Local councils didn’t cause tourism boom

Editor,

Marjorie Hahn, in her recent “My View” column, expressed misgivings over the increasingly dominant role of tourism on Moab’s economy (what she calls the “imbalance”). But I think she attributes far too much importance to decisions made or not made by local public officials. As I will try to show, our local economy has responded to certain “megatrends” affecting the entire country and indeed the whole world.

First, let’s recognize that ranching, mining, and oil/gas production are still going concerns around Moab. True, uranium mining is not what it was in the 1950s, but that’s not because elected officials who originally came from other states stopped it. The demand for uranium has declined for two reasons: (a) the SALT and START treaties signed since the 1970s that eventually limited the total number of nuclear warheads possessed by the USA and Soviet Union/Russia to 1,550 each, and (b) the almost total halt to new construction of nuclear power plants in the USA in the wake of the Three Mile Island (1979) and Chernobyl (1986) reactor accidents.

Clearly, these are not trends over which the Moab or Grand County councils could exercise much control. Meanwhile, the oil and gas industry has thrived here, as a glance at all the new wells in our county underscores. In short, Moab still has a mixed economy. What has changed is this: the relative share of tourism in the local economy is far greater than it used to be, dwarfing the contributions of extractive industries. Why is that the case?

I think there are four reasons, none of which local governments could have done much about. First, the internet has made information about the wonders of Utah and neighboring states readily available. Take “the Wave,” a surreal sandstone formation near Kanab. In the 1990s it was virtually unknown. Last year, local officials received 168,000 applications for the 20 permits per day they are authorized to issue!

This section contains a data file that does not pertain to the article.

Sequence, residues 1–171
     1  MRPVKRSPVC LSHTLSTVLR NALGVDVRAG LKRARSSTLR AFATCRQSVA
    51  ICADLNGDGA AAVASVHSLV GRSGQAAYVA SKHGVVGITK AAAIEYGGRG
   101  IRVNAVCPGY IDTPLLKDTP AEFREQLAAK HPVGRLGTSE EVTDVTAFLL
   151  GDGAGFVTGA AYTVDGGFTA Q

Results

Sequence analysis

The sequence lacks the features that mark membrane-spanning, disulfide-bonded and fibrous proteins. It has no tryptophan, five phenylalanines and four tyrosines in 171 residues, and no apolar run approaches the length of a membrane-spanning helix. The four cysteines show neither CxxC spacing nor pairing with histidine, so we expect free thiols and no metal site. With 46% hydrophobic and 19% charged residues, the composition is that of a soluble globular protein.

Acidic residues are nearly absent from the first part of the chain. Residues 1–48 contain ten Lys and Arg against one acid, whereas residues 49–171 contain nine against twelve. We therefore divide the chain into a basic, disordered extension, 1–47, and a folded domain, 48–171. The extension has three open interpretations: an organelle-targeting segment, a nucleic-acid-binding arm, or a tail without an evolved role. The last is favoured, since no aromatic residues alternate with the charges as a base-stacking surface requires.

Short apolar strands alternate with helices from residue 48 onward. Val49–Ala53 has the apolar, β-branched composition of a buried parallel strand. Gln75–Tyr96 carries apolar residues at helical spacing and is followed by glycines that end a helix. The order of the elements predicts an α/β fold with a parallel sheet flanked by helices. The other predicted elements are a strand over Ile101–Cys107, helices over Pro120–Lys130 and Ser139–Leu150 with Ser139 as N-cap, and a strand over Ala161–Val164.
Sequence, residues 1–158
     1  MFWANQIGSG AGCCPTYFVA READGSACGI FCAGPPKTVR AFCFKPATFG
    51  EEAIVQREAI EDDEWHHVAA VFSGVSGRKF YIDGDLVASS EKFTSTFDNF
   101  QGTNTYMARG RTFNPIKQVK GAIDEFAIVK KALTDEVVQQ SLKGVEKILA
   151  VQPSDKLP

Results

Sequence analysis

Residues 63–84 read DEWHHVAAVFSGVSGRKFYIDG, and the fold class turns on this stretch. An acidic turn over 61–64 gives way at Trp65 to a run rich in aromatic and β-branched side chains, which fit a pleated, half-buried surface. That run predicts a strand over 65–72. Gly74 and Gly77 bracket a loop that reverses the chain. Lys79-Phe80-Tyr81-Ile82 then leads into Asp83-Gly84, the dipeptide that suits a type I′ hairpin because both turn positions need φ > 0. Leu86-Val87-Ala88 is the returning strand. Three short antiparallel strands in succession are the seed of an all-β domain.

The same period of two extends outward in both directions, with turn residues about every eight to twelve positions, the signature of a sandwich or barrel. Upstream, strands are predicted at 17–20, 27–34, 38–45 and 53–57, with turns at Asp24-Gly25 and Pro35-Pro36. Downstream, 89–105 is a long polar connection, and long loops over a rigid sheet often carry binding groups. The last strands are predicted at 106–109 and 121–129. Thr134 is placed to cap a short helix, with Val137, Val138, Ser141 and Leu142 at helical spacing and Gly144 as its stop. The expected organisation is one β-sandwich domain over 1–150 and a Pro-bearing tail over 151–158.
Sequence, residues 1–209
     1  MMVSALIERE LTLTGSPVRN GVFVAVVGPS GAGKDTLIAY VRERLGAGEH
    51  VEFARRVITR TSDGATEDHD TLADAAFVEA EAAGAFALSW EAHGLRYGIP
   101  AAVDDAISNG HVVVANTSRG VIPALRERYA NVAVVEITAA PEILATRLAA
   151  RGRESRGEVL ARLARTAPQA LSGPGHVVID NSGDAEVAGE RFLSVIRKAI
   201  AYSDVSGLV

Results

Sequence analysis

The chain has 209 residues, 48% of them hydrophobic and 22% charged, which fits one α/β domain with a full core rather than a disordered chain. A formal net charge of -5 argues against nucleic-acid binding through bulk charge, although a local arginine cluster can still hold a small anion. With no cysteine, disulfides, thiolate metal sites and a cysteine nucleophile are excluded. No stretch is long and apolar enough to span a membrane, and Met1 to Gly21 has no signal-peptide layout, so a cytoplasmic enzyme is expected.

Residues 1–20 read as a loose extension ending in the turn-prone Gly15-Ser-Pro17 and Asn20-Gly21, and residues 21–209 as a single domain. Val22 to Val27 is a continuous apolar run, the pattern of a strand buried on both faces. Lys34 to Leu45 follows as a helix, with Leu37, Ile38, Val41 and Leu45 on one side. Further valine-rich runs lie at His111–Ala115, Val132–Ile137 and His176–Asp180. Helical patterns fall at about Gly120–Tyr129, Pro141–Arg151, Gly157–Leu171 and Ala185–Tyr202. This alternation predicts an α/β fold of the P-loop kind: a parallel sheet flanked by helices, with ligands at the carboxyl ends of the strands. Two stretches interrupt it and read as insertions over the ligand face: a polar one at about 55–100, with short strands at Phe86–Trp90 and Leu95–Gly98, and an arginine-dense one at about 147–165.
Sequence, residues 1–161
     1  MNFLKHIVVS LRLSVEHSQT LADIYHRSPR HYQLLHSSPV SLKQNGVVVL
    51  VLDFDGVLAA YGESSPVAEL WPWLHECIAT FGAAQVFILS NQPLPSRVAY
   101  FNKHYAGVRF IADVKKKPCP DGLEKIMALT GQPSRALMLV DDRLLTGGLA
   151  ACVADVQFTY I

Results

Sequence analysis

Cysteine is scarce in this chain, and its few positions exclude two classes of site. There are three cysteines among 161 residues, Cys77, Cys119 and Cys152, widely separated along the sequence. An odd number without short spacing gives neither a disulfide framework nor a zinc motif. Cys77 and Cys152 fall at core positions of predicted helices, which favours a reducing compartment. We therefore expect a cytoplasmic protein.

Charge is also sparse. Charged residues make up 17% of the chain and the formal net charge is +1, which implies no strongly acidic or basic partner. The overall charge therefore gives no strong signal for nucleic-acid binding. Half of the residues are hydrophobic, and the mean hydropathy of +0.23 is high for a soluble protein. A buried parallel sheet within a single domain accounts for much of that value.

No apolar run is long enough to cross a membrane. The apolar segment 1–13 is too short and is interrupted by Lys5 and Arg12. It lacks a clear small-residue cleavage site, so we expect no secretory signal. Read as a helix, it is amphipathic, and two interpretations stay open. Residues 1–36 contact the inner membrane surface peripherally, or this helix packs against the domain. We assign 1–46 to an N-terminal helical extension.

Second, by law 47% of revenue from our Transient Room Tax is spent to advertise Moab’s attractions, thus raising its profile still more. Third, relatively new outdoor sports, such as mountain biking and ATVing, have attracted huge numbers of participants, most of whom seem to come to Moab. Finally, other parts of the world such as Europe and now China have grown more prosperous, enabling their citizens to visit the USA and especially Moab in greater numbers.

I think Ms. Hahn should realize that the “imbalance” in our economy is not something anyone deliberately chose; it was and is the product of factors over which local governments have little control no matter what the origins or political leanings of their members may be.

That said, there are steps that local governments can take to slow down or mitigate the effects of these megatrends, but that is a subject for another letter.

– Lew Hinchman
Moab